May 06
2010

Hospital Safety

Posted by: Bruce Robinson

Bruce Robinson

Even in the controlled environment of a hospital, human error is always a danger, too often a fatal one. That’s what Sorrel King is fighting to reduce.

As the mother of four young children, Sorell King was involved in every step of her daugther’s care when 18-month old  Josie was badly burned by a faulty water heater. Even that wasn’t enough to prevent the breakdown in communications that resulted in a fatal dose of methadone, the tragic mistake that abruptly turned King into a determined advocate for increased patient safety and better hospital procedures. It’s that painful personal experience, she says, that makes the medical personnel hear what she has to say.

King has documented her own first-hand experience with this wrenching issue in her book, the autobiographical Josie’s Story, which in turn led to the creation of the Josie King Foundation, through which she pursues her advocacy work. It’s a role she hopes to be able to pull back from sometime, but that day doesn’t appear to be coming any time soon.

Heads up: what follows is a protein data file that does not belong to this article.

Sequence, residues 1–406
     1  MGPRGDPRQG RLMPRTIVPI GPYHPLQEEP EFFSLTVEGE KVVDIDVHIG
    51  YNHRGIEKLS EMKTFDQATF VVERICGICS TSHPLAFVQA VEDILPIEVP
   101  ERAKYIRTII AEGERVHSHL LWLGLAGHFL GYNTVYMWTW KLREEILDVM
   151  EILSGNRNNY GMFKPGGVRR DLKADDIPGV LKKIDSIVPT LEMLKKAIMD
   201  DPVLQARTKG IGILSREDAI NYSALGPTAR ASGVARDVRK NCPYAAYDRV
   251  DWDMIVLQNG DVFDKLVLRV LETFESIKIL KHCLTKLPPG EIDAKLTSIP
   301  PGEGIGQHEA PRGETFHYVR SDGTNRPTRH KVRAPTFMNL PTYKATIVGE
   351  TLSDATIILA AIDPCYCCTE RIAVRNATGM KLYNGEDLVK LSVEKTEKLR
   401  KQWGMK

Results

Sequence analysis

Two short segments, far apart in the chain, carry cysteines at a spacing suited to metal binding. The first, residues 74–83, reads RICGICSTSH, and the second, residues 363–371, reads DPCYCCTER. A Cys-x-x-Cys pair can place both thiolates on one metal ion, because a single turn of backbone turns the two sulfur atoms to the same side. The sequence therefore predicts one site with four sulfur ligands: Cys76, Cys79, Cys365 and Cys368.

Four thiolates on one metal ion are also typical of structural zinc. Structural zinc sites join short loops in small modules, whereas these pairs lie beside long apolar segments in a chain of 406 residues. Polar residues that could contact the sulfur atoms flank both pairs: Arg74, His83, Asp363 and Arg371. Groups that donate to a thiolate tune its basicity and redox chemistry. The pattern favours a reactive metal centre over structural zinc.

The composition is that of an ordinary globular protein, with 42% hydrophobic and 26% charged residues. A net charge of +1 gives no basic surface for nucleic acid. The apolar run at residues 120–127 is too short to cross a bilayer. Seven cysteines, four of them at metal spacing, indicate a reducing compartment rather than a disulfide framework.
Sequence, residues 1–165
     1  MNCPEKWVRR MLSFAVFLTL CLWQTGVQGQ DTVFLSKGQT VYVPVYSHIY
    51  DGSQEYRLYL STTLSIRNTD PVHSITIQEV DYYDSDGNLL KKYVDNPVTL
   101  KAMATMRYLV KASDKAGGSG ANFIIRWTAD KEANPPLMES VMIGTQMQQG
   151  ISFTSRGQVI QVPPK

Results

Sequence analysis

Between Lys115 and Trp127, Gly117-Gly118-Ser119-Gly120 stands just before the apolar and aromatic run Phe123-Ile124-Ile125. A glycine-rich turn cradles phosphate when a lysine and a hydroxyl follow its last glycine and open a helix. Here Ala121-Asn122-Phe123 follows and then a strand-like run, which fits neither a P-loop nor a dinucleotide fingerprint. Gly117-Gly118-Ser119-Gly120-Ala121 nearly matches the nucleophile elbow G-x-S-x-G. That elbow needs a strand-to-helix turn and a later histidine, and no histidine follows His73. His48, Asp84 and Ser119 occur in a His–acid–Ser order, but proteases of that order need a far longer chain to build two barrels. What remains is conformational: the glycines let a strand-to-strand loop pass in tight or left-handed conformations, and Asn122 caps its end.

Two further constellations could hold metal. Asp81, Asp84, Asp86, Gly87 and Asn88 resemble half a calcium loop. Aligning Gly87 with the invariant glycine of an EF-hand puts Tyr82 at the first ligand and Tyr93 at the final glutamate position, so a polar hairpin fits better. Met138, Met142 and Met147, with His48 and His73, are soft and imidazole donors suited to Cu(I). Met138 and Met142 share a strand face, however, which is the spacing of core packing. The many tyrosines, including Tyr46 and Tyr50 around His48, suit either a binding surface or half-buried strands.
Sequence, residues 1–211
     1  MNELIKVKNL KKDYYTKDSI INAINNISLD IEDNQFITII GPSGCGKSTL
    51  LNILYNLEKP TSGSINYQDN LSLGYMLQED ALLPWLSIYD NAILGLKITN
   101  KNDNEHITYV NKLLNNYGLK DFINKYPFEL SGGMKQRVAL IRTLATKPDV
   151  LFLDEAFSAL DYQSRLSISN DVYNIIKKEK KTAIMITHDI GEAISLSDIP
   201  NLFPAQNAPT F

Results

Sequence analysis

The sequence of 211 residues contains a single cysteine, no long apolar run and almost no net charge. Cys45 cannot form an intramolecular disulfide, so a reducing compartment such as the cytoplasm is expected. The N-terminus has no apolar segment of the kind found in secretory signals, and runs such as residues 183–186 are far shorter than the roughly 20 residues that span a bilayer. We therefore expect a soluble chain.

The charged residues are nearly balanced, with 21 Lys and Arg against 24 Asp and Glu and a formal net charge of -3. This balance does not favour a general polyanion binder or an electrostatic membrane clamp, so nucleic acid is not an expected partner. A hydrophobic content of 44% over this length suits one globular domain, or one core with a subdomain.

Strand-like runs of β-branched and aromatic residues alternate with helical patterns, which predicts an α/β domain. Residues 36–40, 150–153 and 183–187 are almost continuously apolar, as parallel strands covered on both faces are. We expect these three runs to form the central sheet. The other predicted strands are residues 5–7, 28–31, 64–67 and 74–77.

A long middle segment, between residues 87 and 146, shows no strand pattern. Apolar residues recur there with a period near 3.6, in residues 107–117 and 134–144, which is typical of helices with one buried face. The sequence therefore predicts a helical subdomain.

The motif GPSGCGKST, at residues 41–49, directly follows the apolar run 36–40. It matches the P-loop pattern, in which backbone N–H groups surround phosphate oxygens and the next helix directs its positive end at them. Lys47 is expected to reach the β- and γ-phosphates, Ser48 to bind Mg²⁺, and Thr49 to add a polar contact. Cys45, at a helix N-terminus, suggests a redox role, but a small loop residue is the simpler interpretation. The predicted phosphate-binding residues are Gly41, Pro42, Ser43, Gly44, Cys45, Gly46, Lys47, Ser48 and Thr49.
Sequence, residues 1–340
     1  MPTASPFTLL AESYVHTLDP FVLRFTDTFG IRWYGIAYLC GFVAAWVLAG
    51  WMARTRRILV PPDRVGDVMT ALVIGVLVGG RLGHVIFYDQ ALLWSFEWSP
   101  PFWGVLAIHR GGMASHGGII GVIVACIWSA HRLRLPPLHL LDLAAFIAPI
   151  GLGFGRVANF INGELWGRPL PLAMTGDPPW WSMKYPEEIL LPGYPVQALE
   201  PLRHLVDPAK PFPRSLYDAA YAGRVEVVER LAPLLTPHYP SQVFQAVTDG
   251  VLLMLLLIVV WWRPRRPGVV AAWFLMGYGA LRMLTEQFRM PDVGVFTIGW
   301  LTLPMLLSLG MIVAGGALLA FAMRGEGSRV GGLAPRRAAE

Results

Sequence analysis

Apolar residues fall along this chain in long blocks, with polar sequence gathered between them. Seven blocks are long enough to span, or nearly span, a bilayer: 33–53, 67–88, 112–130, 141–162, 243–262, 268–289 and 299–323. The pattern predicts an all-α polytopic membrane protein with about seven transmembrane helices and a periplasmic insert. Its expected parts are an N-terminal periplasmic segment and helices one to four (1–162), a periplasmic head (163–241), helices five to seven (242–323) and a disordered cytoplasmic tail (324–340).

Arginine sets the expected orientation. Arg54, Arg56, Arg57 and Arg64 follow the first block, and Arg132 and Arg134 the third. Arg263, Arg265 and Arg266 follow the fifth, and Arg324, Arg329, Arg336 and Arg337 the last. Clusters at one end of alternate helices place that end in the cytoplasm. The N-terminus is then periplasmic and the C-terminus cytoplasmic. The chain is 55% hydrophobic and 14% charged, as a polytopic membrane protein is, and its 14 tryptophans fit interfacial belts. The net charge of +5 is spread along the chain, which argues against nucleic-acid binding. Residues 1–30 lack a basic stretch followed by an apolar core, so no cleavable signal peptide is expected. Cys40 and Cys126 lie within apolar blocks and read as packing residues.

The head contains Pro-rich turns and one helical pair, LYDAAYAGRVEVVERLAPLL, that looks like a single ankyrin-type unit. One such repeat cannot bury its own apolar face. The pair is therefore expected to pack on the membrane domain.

Sorrel King believes that the number of near misses, when potentially fatal mistakes are caught just in time, or corrected before they have tragic consequences, is far higher than the actual number of deaths that occur. So she pushing hospitals to adopt procedures to report and track those near misses, too.

The seventh annual Gene and Evelyn Benedetti Leadership Award celebrationn honors Nancy Corda (right)  at  6 p.m. on Friday May 7 at the Sheraton Petaluma. Proceeds will be used to purchase a mobile ultrasound machine for Petaluma Valley Hospital. Information: 778-2796.

 

Hospital Safety

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